My name is John Sam Jones. I am a Welsh-speaking Welshman from Meirionnydd (originally). Currently I work as the Adviser for Personal and Social Education (PSE) in Denbighshire Education Service. For the past five years I have chaired the North Wales Lesbian/Gay/Bisexual (LGB) and Police Liaison Group and for the last 18 months I have been the chair of the LGB Forum Cymru. On two occasions in the last four years I have been a trustee of the West Rhyl Young People’s Project. I am the author of Welsh Boys Too (Parthian, Cardiff 2000) a collection of short stories about the lives of gay men in North Wales. This collection of stories was an Honour Book winner in the American Library Association LGB Book Awards in 2002. I am 46 years old and have been living openly as a gay man since I was 18.
Because the request for written submissions to this inquiry only came across my desk today (4 December 2002) I offer this submission as a private individual since time does not allow for these observations to go before any of the above organisations for their approval.
I will limit my observations to issues around sexual preference and talk only of North Wales.
From work that I have done over the past four years with the VIVA group at the West Rhyl Young People’s Project it is very clear that teenagers who are gay and lesbian do not have an easy time in the eastern part of North Wales. A life-story writing project carried out with this group of young people in 1998 revealed that those who contributed pieces of written work had experienced feelings of isolation and exclusion, loneliness, depression, thoughts of self harm, substance misuse, sexual abuse, bullying at school and family tensions that were sometimes unbearable. None of these young people had found much support in school and their own experience had not been reflected at all in the sex and relationships education programmes offered at school. Levels of self-esteem amongst members of the group were low and this had a direct impact on the care they took of themselves; this was particularly evident in their disregard for safer sex messages. The news that this piece of written work, published by the Health Promotion Service under the title Stories that give shape to lives, had won a national youth work award was cause for celebration. That the Daily Post refused to cover this success story caused distress and further endorsed the view held by many gay men and lesbians: that the Daily Post has a homophobic tendency.
More recently, through my work as the PSE Adviser in Denbighshire, I have seen first hand how ill equipped the majority of our teachers appear to be to deal with gay and lesbian issues in educational settings. The new guidance on Sex and Relationships Education in Schools from the National Assembly for Wales (Circular No: 11/02) states clearly that teachers should be able to deal with these issues (sexual identity and sexual orientation) honestly sensitively and in a non-discriminatory way (see page 11). At a recent meeting of the secondary school PSE coordinators in Denbighshire there was unanimous support for an INSET-training programme in the Spring of 2003 on gay and lesbian issues — both within the curriculum and in the context of supporting lesbian and gay students in educational settings — as no one around the table felt sufficiently confident or competent to address these issues.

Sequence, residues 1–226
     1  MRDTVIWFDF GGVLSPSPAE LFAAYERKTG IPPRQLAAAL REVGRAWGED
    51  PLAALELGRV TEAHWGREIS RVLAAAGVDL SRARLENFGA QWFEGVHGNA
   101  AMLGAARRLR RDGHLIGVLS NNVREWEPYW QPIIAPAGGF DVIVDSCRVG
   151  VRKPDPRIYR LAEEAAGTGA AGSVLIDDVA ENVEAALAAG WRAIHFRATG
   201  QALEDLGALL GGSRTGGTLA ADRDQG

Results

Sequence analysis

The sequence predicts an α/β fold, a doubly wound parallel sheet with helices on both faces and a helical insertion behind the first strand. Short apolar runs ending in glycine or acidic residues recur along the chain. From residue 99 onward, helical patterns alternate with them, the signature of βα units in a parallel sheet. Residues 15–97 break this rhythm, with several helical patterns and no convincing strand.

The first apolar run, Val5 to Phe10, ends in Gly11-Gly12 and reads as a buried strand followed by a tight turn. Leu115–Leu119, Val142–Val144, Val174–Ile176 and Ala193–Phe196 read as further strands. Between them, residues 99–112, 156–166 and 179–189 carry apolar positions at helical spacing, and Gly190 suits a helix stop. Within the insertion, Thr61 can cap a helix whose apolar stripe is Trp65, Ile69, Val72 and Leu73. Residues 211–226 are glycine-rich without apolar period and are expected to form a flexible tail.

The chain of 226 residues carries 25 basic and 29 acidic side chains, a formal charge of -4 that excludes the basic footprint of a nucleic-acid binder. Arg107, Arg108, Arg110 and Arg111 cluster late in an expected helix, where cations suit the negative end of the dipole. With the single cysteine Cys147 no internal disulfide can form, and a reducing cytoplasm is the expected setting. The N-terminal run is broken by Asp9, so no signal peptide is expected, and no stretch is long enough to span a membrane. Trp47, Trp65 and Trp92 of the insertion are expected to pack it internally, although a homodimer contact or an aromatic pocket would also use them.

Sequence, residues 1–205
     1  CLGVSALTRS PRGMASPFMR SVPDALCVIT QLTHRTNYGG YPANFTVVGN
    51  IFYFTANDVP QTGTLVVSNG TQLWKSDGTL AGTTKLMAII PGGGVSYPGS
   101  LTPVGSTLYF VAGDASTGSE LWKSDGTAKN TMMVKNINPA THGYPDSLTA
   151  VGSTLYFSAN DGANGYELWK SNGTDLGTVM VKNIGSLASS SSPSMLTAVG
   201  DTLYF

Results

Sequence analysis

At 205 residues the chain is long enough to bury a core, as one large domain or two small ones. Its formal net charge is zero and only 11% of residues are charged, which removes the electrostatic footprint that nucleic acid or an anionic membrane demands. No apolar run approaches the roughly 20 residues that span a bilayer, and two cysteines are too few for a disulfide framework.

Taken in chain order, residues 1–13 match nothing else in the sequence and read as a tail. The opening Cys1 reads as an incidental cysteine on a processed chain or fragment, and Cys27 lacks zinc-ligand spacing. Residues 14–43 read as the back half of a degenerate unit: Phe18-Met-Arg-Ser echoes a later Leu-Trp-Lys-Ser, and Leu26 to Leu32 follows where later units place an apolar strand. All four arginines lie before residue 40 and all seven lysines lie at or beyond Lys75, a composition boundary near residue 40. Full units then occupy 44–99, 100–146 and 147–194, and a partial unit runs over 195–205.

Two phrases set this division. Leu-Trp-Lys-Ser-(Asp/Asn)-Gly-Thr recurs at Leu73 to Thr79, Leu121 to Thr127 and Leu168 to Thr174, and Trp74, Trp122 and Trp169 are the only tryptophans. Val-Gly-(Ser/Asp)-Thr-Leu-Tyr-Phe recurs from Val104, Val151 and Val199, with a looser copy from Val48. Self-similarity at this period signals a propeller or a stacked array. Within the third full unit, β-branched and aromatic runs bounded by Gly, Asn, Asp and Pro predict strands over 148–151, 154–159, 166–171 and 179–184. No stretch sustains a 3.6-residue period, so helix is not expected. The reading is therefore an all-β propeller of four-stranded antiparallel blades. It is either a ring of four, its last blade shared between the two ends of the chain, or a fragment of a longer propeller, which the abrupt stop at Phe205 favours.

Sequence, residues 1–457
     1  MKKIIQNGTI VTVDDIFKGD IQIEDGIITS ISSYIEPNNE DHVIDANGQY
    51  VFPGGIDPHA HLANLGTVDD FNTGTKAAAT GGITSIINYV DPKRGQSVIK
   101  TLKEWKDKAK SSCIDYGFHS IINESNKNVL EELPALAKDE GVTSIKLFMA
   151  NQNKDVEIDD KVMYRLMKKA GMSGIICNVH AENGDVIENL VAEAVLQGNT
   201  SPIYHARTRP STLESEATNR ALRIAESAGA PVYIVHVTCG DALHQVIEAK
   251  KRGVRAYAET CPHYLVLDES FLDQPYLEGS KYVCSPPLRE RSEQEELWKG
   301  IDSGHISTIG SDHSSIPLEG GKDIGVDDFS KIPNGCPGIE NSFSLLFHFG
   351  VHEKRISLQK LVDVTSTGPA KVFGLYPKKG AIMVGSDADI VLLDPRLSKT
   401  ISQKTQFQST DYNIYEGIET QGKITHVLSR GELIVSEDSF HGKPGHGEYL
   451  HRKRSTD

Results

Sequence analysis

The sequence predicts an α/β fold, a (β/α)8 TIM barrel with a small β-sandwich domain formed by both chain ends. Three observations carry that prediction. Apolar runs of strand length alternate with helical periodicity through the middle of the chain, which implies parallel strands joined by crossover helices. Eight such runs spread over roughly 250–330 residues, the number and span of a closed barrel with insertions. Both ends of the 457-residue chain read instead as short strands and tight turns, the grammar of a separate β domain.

An invitation to speak with the Education Social Workers in the county last week revealed a lack of confidence to deal with LGB issues amongst young people, though a number of the ESWs had, over the past few years, been involved in crisis intervention and support where a young person had come out and faced hostility from peers and family. A training event with school nurses (now called young people’s health advisers) was more optimistic, however; all of them felt that they would be able to offer some support to LGB teenagers and would know of suitable referral agencies like the VIVA Project and the Arinistead Project in Liverpool.
It is clear to me that a young person who is either gay or lesbian in North East Wales at the present time is more likely to experience a period of turmoil as a consequence of their sexual preference, and that this turmoil will be experienced within a degree of isolation. There is a good chance that the young lesbian woman or gay man in North East Wales will experience hostility from peers and even from family members, and that this hostility can lead to an intensification of the isolation to a point of feeling excluded. At present, teachers do not seem sufficiently confident to address LGB issues within the curriculum or offer young lesbians and gay men support when they face difficulties in their lives that are a direct consequence of their sexuality.
Most of the young gay men and lesbians that I have talked with over the course of the last few years have said that they want to leave North Wales as soon as they can. (And many have!) Their perception—anyway—is that their lives would be easier in a more cosmopolitan, metropolitan area. For those lesbians and gay men who are Welsh speaking and from traditional Welsh backgrounds the attraction of a city like Manchester or London comes into conflict with their sense of cultural identity.
Given more time I could perhaps have presented these few observations more coherently but I trust they will be received in good faith.
Source: House of Commons, Select Committee on Welsh Affairs Written Evidence